Putting these points together, a more recent article by Dermer (2006) carefully articulated the use of reinforcement in motivating loving behavior. Throughout the analysis, Dermer illustrated that reinforcement serves two primarily important functions in building loving behaviors:

  1. Proper rewards convey that a behavior is attended to, understood, and responded to in a satisfying way by a partner.
  2. The selective use of rewards also increases the frequency of loving behaviors that are performed.

Taken together, these points indicate that rewarding a partner when they are positive, caring, and loving can motivate them to be more passionate and attracted to you. By this method, loving interactions and relationships are actually "built" one rewarding exchange at a time.

Four Tips for Building a Rewarding Relationship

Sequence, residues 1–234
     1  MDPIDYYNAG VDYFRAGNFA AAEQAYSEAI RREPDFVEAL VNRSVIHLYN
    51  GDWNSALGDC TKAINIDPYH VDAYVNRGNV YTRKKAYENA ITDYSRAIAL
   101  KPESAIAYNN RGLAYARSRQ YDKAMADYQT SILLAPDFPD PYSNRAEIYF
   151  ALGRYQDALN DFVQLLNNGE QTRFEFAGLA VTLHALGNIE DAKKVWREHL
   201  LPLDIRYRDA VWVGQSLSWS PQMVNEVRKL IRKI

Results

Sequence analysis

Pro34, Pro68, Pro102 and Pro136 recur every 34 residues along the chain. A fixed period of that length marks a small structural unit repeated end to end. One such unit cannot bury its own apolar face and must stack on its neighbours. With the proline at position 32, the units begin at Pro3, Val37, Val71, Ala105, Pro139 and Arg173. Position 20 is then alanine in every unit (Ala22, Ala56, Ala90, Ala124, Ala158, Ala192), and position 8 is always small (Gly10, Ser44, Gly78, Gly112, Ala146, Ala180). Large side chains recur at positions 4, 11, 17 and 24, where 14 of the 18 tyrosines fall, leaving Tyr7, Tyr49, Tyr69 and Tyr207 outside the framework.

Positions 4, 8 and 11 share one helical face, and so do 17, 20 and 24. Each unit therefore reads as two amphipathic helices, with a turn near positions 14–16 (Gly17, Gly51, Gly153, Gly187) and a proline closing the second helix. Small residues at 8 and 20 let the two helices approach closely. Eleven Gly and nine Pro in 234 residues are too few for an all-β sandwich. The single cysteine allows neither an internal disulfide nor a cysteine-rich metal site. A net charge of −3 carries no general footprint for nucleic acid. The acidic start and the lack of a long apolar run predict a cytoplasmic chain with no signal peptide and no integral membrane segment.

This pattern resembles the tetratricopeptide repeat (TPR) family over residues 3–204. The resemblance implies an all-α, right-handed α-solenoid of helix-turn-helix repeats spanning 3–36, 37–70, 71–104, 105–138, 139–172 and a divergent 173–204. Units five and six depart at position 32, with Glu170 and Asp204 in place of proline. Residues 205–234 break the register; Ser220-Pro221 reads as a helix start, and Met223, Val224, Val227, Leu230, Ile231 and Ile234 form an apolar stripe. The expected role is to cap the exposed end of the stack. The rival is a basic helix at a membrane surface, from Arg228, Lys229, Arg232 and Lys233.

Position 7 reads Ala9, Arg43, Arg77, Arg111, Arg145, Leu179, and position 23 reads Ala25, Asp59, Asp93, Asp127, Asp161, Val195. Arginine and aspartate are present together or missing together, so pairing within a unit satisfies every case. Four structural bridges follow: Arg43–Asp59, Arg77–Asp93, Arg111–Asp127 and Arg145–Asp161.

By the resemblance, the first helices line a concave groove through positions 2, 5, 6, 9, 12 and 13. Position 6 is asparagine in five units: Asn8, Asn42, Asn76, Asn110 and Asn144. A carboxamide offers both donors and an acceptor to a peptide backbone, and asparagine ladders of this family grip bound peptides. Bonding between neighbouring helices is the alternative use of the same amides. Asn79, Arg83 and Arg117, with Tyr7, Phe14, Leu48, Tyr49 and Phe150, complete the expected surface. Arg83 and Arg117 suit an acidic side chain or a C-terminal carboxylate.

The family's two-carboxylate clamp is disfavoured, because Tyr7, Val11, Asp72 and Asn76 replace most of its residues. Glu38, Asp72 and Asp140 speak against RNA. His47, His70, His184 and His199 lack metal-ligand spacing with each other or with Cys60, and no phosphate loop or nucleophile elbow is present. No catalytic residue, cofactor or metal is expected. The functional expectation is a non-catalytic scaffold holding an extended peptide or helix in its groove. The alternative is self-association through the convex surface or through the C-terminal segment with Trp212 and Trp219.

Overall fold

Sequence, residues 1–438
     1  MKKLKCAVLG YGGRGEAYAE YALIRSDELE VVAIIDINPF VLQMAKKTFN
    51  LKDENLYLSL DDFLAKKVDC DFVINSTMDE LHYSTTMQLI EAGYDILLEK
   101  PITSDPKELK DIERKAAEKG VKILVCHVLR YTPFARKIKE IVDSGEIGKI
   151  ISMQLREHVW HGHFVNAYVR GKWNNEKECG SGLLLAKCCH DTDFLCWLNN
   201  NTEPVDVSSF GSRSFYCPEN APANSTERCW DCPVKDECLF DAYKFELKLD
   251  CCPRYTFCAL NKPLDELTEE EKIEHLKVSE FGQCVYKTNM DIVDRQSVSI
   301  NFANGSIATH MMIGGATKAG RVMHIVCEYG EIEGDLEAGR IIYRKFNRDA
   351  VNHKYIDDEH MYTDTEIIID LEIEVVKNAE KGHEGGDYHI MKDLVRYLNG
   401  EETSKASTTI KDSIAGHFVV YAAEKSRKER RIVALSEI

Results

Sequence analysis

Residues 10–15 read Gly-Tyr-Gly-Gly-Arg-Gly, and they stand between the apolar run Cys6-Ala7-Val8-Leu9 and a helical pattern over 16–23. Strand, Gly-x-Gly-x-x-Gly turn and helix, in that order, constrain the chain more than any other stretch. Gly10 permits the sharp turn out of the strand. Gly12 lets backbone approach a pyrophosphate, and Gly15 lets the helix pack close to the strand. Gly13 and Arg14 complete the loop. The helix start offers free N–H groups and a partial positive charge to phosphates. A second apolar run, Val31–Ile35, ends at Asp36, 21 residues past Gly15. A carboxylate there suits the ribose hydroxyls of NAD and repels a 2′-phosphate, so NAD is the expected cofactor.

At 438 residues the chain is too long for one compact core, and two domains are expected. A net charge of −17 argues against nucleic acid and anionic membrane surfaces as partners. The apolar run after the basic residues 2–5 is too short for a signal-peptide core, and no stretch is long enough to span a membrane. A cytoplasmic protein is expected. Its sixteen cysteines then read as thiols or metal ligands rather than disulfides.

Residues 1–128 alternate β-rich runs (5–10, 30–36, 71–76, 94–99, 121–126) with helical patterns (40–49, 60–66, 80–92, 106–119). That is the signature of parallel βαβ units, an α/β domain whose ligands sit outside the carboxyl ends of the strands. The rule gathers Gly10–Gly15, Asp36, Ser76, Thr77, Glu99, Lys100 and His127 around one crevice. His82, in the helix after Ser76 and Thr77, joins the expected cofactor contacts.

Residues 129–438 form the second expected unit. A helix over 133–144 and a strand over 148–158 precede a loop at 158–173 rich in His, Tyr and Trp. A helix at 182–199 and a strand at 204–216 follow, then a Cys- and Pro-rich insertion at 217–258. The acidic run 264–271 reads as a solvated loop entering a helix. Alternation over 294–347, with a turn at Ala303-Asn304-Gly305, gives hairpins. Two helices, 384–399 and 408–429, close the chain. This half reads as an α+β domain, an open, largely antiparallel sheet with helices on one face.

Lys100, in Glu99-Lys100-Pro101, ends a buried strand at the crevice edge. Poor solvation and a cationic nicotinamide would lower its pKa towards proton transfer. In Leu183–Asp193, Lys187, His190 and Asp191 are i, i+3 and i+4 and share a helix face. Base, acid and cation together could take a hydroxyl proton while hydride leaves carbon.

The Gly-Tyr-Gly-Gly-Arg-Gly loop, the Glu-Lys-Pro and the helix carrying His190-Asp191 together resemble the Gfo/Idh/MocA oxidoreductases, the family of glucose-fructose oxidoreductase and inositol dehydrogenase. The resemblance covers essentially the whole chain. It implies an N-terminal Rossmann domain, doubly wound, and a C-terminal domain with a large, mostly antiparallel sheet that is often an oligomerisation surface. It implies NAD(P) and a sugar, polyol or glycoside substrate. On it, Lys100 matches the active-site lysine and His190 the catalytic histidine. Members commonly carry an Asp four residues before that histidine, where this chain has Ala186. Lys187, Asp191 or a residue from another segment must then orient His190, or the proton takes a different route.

Given the above research, it appears that rewarding a date or mate is indeed important for relationship satisfaction. In the long run, rewarding relationships thrive, while punishing or neglectful relationships wither and end. Fortunately, there are a few ways that you can keep your relationship rewarding:

1. Gratitude.

One of the most important things partners can do for each other is to remember to be grateful for each other. Being grateful for a partner's positive efforts motivates reciprocity and reward in return. In addition, such gestures can make the relationship feel more sacred and committed. Overall, then, when your partner does something nice and loving, share your gratitude. When you do something nice and loving, look for gratitude in return as well.

2. Attention.

Partners behave in all kinds of ways to get each other's attention. When loving gestures are ignored, they may resort to less positive methods of getting noticed. Therefore, when your partner is being nice and thoughtful, spend a few minutes at least talking to them. Build some rapport and connection. Share some positive conversation. Look for some attention and conversation in return too.

3. Touch.